Using a number of different models, researchers have concluded that the current incidence of both suspected and confirmed fungal infections in immunosuppressed AIDS, cancer, and organ transplant patients is nearly 400,000. As this group is the target audience for amphotericin B, many analysts and clinicians suspect that over time the vast majority of patients will be shifted to the newer and safer lipid versions of the drug. Given the extended length of treatment the lipid formulations afford, a powerful global market is projected-estimated to be worth $400 million to nearly $1.2 billion. The critical question is, which of the new agents will doctors choose? Of the three, AmBisome (liposomal amphotericin B), developed by NexStar Pharmaceuticals, Inc., was the first to market, receiving clearance in Ireland in 1989 for the treatment of refractory fungal infections. The drug, the only true liposome of the three, currently is approved in 22 countries around the world and achieved nearly $60 million in sales in 1995. It was followed by Amphocil (amphotericin B colloidal dispersion), a product of Sequus Pharmaceuticals, Inc., which was approved for the same indication in the United Kingdom in 1994, and by The Liposome Company's Abelcet (amphotericin B lipid complex), which came to market in the UK in April 1995 as first-line therapy in the treatment of AIDS-related cryptoccocal meningitis and systemic cryptococcosis.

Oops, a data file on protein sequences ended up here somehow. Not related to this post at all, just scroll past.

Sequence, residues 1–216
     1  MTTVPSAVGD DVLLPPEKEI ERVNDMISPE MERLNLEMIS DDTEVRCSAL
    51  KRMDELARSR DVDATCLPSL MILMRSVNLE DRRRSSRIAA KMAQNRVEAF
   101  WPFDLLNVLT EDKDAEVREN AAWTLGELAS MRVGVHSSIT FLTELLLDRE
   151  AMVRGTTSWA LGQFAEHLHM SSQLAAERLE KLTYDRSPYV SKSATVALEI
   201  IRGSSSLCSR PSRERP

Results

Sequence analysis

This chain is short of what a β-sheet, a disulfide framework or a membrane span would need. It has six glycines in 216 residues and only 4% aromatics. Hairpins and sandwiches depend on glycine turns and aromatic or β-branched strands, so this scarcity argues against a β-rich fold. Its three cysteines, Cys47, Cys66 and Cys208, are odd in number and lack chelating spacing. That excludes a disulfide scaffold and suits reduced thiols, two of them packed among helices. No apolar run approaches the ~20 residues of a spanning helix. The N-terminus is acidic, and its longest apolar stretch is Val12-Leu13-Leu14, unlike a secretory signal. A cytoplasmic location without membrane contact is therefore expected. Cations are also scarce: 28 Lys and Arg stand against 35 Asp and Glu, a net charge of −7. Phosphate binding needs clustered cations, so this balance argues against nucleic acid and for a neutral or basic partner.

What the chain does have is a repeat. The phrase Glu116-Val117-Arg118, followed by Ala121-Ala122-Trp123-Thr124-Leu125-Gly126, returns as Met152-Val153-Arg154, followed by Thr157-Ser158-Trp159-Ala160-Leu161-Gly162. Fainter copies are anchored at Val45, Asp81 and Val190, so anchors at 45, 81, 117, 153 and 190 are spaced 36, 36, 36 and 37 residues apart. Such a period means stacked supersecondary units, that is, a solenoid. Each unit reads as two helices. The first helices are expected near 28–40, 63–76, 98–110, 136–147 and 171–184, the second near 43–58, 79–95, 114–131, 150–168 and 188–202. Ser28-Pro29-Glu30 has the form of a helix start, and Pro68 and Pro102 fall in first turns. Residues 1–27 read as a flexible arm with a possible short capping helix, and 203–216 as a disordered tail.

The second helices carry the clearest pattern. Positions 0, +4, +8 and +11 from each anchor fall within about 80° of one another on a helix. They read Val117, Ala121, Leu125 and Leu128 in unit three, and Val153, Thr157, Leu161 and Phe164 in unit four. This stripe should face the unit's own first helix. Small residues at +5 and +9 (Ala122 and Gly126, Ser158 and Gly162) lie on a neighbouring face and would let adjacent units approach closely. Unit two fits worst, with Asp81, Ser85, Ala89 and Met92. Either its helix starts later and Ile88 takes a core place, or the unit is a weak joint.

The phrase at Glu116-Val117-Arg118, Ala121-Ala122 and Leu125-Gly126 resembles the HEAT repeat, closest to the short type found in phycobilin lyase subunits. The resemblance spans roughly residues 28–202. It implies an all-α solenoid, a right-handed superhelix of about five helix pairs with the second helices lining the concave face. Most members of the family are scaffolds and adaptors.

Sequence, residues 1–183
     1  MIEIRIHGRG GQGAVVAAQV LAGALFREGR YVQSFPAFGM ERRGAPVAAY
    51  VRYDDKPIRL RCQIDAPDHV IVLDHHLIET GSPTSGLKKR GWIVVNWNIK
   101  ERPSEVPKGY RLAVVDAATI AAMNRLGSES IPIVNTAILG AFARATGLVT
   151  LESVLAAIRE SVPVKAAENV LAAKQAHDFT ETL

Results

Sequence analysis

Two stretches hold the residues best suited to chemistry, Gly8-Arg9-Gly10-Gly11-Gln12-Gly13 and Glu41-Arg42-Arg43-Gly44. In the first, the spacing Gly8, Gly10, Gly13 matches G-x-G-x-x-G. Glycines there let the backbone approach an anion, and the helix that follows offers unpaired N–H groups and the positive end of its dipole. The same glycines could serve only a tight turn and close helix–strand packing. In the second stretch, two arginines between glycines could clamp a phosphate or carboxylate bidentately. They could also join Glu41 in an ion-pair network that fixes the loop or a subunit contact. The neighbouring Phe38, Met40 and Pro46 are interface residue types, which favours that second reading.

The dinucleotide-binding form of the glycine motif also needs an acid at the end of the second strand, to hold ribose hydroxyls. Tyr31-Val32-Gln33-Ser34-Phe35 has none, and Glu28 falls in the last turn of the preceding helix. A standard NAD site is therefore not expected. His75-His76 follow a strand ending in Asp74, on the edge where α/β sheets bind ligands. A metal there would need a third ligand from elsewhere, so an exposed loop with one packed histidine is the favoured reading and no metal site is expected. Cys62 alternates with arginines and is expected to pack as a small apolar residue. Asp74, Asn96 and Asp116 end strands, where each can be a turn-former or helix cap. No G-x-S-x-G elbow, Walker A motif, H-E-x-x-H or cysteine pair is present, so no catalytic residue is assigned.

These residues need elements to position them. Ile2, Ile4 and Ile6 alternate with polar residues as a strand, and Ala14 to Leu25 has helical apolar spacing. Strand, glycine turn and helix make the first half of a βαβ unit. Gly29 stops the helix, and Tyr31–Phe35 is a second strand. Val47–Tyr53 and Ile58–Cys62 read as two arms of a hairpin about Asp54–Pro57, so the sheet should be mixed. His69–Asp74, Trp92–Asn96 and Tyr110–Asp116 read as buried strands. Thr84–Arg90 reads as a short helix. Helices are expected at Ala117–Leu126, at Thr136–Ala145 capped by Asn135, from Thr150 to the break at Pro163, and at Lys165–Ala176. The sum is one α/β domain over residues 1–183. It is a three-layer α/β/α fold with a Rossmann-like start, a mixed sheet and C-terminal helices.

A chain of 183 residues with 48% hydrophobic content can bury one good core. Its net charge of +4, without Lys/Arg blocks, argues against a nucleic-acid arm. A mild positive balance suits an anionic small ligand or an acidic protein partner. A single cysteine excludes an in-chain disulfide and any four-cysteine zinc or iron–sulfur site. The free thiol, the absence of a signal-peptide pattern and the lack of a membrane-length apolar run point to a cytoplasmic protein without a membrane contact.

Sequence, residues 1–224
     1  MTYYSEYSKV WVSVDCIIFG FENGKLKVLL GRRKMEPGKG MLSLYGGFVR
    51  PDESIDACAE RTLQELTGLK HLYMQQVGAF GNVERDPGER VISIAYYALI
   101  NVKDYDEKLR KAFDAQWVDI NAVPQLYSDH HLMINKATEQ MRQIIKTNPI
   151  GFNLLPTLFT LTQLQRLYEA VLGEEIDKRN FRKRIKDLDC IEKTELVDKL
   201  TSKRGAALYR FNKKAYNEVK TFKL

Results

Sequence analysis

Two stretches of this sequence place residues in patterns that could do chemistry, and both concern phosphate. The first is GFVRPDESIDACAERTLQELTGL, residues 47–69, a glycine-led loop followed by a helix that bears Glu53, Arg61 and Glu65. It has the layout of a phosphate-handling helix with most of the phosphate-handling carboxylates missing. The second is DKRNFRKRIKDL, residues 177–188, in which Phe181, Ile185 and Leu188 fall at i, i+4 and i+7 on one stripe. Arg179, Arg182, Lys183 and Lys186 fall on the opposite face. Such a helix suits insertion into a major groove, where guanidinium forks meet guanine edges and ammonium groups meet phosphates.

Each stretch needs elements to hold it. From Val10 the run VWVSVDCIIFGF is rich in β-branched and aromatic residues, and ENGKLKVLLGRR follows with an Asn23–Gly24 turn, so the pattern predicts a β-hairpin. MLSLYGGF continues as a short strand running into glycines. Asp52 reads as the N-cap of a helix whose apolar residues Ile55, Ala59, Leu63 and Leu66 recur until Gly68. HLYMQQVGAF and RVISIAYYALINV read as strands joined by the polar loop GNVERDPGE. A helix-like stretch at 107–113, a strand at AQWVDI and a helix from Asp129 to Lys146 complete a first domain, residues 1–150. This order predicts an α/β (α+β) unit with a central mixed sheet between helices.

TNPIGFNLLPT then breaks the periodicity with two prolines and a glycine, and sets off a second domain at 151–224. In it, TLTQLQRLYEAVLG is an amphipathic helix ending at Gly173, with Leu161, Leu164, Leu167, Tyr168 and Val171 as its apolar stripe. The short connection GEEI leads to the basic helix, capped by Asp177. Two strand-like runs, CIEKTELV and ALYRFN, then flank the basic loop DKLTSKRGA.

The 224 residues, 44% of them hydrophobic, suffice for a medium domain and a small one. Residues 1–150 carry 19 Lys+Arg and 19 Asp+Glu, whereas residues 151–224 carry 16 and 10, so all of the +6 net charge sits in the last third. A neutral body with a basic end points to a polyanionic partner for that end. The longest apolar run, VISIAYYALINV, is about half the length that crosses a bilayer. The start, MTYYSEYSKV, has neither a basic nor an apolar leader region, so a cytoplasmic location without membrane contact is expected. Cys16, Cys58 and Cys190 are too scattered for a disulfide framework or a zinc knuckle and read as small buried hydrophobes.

While sales of Amphocil to date have been lethargic, The Liposome Company has reported first-year sales of $6 million. More important, Abelcet became the first of the three drugs to receive approval in the United States: in November 1995, the FDA found the agent to be safe and effective in the treatment of aspergillosis in patients who cannot tolerate or are refractory to amphotericin B. (Sequus has since filed an FDA New Drug Application for the same indication for Amphotec, as Amphocil is known in the US, while NexStar is pursuing a phase III trial comparing AmBisome and amphotericin B in the treatment of fever of unknown origin. Analysts expect the FDA to grant approval for Amphotec by the end of 1996, with an AmBisome go-ahead to follow in 1997.)